What to look for when developers claim to be ‘green’
Fads happen not only in the world of fashion. If you’ve been a keen observer of property developments, you’ll notice that lately, developers are head over heels jumping onto the green bandwagon. Understandably, this should be raising some eyebrows. How capable are these developers to back up their claims? And are their claims of sustainable practices really “in tune” with the environment?
Last week at the International Green Building Conference 2011 in Singapore, Inquirer Property asked green building experts in attendance about this practice of “greenwashing” (which, like whitewashing, refers to any act of misleading consumers about the environmental merits of a company, its products and services, according to Green Architecture Movement founder Amado de Jesus).
“In the quest for balance between going green and increasing market share, it’s unavoidable that some will swing to the extreme. The only way that greenwashing can be prevented is by having a strong, objective green rating tool that’s acceptable by the government and the market. This is what Singapore has achieved,” said Tai Lee Siang, president of the Singapore Green Building Council.
The 10 qualities Siang believes a sustainable development should have are:
- Ø A healthy respect for the local climate;
- Ø Energy efficiency in its operations;
- Ø The willingness to use readily available materials;
- Ø Efficient manpower—less can do more;
- Ø The skill to use passive designs;
- Ø A greater dependence on natural light;
- Ø A greater reliance on natural ventilation;
- Ø A system that reinforces environment-friendly behavior among its staff and officers;
- Ø The methods to integrate natural landscapes;
- Ø The character of being user-friendly.
What to look for
Christopher Cruz de la Cruz, UAP, CBP, chair and president of the Philippine Green Building Council, said consumers and even the media should look for the following from any developer:
- Ø A “real” third party certification. “If the project is assessed and evaluated by the building owner, designer, contractor or any party that may have conflict of interest, it may be greenwashing.”
- Ø Conformity to internationally accepted standards. Such standards include ISO (International Organization for Standardization), WGBC (World Green Building Council), ASTM (American Society for Building Materials), Ashrae (American Society of Heating, Refrigerating and Air-conditioning Engineers) and GEN (Global Ecolabeling Network). There are also local standards and programs such as Philippine National Standard and Green Choice Philippines (for green materials).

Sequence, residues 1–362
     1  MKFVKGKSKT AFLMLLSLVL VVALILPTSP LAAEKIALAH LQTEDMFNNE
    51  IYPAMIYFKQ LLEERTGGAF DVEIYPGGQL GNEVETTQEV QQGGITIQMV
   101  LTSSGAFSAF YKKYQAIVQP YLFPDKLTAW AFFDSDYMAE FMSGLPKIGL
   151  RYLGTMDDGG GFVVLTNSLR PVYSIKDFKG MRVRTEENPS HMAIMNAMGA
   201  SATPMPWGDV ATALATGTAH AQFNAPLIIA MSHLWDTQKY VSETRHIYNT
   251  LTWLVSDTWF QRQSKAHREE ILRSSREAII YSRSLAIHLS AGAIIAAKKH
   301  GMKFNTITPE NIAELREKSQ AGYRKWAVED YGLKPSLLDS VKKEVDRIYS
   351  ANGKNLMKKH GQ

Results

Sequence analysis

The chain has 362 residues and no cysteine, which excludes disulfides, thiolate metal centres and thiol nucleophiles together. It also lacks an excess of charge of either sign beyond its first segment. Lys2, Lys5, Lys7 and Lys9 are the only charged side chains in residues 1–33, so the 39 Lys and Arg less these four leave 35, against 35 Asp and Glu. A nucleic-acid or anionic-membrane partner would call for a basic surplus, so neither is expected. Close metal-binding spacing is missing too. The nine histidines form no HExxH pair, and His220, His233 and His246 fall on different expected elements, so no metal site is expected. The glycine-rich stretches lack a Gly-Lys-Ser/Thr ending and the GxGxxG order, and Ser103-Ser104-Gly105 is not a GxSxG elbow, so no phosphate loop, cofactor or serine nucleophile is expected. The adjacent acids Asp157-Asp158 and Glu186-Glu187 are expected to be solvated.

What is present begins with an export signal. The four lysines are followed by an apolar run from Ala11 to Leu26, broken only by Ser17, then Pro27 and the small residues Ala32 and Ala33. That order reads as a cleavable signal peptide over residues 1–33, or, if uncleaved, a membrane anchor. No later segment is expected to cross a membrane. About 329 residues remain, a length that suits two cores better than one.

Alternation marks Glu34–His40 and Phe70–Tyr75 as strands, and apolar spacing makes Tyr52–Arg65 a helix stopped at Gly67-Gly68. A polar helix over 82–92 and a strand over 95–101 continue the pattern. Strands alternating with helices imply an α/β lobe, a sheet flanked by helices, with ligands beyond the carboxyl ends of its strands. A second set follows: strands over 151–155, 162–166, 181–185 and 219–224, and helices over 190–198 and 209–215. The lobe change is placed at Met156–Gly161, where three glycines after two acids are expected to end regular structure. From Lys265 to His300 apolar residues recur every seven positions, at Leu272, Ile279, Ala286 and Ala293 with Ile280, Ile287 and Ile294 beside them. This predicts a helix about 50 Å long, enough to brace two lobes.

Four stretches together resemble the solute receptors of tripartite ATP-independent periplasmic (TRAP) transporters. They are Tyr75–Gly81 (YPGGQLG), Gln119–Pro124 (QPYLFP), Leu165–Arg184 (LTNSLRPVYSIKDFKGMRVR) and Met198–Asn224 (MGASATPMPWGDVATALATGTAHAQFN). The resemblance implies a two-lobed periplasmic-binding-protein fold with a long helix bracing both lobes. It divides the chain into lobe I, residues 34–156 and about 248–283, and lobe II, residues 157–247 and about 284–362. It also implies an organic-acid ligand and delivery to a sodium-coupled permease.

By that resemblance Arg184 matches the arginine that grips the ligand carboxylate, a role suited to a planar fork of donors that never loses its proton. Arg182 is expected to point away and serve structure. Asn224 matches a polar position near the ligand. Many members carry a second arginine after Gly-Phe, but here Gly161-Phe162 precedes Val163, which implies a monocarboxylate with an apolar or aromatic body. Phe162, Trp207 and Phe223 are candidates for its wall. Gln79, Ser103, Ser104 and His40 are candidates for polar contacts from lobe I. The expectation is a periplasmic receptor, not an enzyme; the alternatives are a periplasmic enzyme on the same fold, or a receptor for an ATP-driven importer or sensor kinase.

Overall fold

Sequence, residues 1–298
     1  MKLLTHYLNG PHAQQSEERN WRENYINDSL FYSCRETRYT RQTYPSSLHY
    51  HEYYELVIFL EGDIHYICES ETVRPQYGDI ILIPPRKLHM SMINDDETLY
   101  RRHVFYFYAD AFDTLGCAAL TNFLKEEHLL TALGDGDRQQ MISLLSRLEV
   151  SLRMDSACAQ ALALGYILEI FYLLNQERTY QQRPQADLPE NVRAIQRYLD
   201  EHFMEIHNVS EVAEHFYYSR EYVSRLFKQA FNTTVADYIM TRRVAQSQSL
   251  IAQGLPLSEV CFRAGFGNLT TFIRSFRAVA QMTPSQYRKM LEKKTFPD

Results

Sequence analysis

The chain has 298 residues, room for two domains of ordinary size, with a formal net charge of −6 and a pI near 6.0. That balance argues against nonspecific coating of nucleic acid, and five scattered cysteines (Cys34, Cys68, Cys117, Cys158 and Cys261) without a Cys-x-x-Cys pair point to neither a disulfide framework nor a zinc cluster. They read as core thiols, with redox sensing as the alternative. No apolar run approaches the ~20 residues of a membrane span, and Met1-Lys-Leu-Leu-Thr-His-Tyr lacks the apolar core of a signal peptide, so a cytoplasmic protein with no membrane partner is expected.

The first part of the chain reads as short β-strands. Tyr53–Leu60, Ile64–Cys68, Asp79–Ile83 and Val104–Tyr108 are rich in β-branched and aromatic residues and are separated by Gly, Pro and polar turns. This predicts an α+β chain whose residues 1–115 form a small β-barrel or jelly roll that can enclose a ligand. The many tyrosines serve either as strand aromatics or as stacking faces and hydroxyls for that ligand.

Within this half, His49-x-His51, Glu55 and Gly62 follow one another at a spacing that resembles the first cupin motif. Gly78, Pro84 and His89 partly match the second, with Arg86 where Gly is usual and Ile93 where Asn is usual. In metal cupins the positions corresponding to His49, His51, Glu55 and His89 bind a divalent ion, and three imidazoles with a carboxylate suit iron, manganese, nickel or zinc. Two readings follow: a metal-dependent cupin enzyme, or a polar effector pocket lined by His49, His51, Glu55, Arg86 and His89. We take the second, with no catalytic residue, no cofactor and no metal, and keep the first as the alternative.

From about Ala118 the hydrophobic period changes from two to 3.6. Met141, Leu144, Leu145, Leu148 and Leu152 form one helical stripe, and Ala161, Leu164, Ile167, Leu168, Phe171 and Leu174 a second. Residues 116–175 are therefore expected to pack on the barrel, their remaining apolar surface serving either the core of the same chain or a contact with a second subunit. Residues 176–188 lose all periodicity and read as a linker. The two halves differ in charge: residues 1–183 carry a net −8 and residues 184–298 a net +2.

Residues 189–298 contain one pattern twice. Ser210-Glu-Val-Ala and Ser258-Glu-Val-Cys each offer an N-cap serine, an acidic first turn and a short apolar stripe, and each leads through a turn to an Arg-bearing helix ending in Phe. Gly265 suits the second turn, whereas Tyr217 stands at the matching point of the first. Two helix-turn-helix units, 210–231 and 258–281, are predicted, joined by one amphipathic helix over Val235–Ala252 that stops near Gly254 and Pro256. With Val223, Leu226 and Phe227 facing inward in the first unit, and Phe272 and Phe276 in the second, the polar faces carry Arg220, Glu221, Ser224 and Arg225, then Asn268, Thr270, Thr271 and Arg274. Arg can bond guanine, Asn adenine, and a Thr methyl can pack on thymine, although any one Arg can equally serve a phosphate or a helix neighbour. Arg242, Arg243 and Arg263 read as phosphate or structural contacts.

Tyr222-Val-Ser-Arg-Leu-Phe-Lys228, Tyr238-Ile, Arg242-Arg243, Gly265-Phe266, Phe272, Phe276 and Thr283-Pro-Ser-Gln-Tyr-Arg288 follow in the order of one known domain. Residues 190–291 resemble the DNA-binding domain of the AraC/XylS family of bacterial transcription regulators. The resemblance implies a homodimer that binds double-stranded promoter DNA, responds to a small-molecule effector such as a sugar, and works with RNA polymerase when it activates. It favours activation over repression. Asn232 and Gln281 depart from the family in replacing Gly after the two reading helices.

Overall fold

- Ø Regulatory compliance checks. Is it built into the system?
- Ø The affiliation of the rating group. Is it part of the World Green Building Council? National GBCs are present in more than 80 countries and are leading the international markets in the development of green buildings.
- Ø Check Berde. In the Philippines, just look for the number of Berde stars to see the level of performance of buildings. Berde stands for Building for Ecologically Responsive Design Excellence, and is the first green-building rating system designed by Filipinos.
De La Cruz admitted that greenwashing has started to become rampant in the Philippines.
“Because of the additional perceived value of green, we now see more and more developers claiming green credentials. However, here at the PhilGBC we recognize that some of the greenwashing may be unintentional. That is why we work hard at delivering educational programs that enable building owners and consumers alike to ensure that they are empowered to carry out informed decisions when going green,” he said.
De la Cruz added that this has also been the reason for being of Berde. Berde ensures that a third party certification body with both local and international accreditation (ISO 17000 series) is present to do a qualified assessment on the level of sustainability of a project.
“Proper and unbiased rating of buildings is essential to enable the public to easily understand whether the property they are investing in is green or not. Berde is an objective set of tools that was designed using the UN Framework for Sustainable Development as a guide to ensure that the rating scheme is relevant to and for the Philippines, and comprehensive enough to cover our nation’s environmental priorities,” he said.
Dela Cruz explained that the National Green Building Councils are member-based to ensure that discussions are balanced, objective and unbiased.
“Here in the Philippines we now have all the major developers on board. We also have established partnerships with professional organizations and government.”
Currently, the Certified Berde Professional and Assessor (CBP and CBA) program has already signed up more than 150 certified professionals in the past four months. He added that the CBP and CBA programs are tangible contributions of the council in helping the Philippine government in transitioning the industry to a green economy. “This is also in support of our government’s green jobs creation agenda,” he quipped.